Maverick Meerkat, the version of Ubuntu slated to be released later this year, brings with it several features and improvements that the Linux community has been eagerly looking forward to. I’ve taken a look at the blueprints for this next release, and picked out a few of the major items that Linux end-users will be interested in. Here are 5 things to look forward to in Ubuntu 10.10:
- Software Center enhancements
A major focus of Ubuntu 10.10 is improving the software center, addressing many of the usability problems that have been sources of complaints in the past. Among these changes are:
- Better Search
- Improved dependency display
- Add-on packages and media
I’ve heard this complaint quite a bit, including in the comments of my article covering things new Linux users need to know. I had posted a screenshot of an application there, and someone tried to find it in the software center by searching for “Disk Analyzer”, which is what’s displayed in the title bar of the program. Unfortunately, no results were returned. In the next version of Ubuntu, the Software Center will show suggested results when you search for something that gets no hits.
Most users, even the more advanced members of the crowd, don’t particularly care about the package dependencies of a particular program. Managing that kind of information is trusted to the package management program, and there’s really no reason for a user to be presented with that data unless she asks. In the next version of the software manager, everything but the application itself will be hidden, with the option to show “Technical items” only when the user specifically requests it.
Many packages offer “add-ons” which extend the feature-set or usability of the program. A good example of this is the Firefox browser, which today has several add-ons available in the Software Center, such as the Ubuntu extension. In the next version of the Software Center, add-ons will be much better organized.
OneConf will allow users to share their Ubuntu configurations between multiple machines. Realizing that people work on more than one computer, and taking a cue from browser sync features, OneConf will allow you to store your installed application list and those applications’ settings to the UbuntuOne service. You’ll then be able to migrate this list to another machine, or to use it as a configuration restore. It will support multiple configuration specifications, allowing you to keep separate lists for different types of machines (home vs. work; desktop vs. netbook, etc..).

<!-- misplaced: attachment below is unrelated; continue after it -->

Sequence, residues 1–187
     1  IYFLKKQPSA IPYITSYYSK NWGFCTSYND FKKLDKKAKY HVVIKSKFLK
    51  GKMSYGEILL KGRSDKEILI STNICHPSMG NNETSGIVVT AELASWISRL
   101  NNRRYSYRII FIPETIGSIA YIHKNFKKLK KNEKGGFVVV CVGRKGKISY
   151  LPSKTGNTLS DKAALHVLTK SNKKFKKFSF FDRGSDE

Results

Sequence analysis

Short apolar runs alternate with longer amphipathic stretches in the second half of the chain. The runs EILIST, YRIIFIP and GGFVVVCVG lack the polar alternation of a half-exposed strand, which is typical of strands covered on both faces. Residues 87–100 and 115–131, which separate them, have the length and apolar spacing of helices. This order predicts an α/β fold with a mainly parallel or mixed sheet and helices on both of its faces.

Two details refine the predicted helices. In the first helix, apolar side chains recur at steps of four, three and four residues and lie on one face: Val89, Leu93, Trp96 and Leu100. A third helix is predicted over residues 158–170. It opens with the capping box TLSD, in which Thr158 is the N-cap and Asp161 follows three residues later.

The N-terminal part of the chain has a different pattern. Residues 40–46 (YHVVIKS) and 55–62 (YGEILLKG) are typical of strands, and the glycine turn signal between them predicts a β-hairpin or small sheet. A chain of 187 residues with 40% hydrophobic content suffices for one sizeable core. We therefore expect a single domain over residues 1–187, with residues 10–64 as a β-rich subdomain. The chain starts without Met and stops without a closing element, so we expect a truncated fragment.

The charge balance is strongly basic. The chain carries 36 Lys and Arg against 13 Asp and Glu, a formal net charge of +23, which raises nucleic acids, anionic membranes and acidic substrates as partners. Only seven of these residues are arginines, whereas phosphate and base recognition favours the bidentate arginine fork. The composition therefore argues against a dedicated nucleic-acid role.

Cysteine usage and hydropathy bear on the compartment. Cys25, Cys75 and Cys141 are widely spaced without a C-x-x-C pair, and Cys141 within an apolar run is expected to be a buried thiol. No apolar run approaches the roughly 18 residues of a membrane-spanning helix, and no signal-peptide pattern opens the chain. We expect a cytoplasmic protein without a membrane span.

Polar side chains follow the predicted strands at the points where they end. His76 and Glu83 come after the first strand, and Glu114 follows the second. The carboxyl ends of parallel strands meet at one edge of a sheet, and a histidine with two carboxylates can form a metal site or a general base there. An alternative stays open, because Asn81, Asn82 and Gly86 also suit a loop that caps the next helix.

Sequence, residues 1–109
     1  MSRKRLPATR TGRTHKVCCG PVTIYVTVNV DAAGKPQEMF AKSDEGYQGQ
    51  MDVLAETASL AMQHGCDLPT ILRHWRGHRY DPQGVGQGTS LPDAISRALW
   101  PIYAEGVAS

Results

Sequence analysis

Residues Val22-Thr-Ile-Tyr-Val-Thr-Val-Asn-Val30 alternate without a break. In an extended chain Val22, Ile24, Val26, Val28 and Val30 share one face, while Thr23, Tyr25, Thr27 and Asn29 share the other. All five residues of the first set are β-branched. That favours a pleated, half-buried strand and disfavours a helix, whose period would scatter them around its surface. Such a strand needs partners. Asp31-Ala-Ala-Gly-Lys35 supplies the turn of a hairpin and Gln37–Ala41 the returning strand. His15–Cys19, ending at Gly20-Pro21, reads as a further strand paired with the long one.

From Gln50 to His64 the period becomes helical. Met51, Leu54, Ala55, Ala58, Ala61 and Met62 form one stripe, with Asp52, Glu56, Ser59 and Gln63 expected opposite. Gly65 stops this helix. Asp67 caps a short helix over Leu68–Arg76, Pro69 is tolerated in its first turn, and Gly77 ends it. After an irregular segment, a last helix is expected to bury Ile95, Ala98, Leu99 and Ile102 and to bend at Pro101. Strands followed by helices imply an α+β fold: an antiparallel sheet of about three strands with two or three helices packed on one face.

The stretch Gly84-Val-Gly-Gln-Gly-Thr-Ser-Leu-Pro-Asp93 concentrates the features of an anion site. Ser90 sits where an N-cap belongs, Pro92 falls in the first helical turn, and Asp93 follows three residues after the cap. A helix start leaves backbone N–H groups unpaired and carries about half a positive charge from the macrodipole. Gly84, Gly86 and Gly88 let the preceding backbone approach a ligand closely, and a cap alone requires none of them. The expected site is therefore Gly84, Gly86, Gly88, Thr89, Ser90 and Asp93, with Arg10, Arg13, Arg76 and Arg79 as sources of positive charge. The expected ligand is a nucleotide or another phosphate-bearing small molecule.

Developers and users alike will look forward to the ability for new packages to be introduced to the distribution after it has been released. Although the process is not finalized, there will be a process by which developers can submit their packages for review and inclusion into the software repositories, even after a major release. This means that Ubuntu users will be able to receive new packages without upgrading or manually seeking them out, which is the case today.
Ubuntu 10.10 aims to improve netbook support (using its Ubuntu Netbook Edition release), and part of this is a migration to the light-weight Chromium browser. Many Linux users are already familiar with Chromium, or its close Google-branded relative, Chrome, as a speedy alternative to Firefox.
Touchscreen support is another area where 10.10 should show significant improvements. On the drawing-board for this release is to improve existing applications’ touch-friendlyness by tweaking GTK, icon settings, and other theme options. Additionally, support for gestures in Compiz may also be included. This is an area where you can expect to see improvements beyond the immediate future, as touchscreens become more common and Ubuntu moves to support this market. In the future, we’ll likely see further enhancements, such as the inclusion of a built-in on-screen keyboard.
Do any of these features make you excited for Ubuntu 10.10? If so, which ones? And if not, what would you want to see in Ubuntu 10.10? Leave your opinions in the comment section below.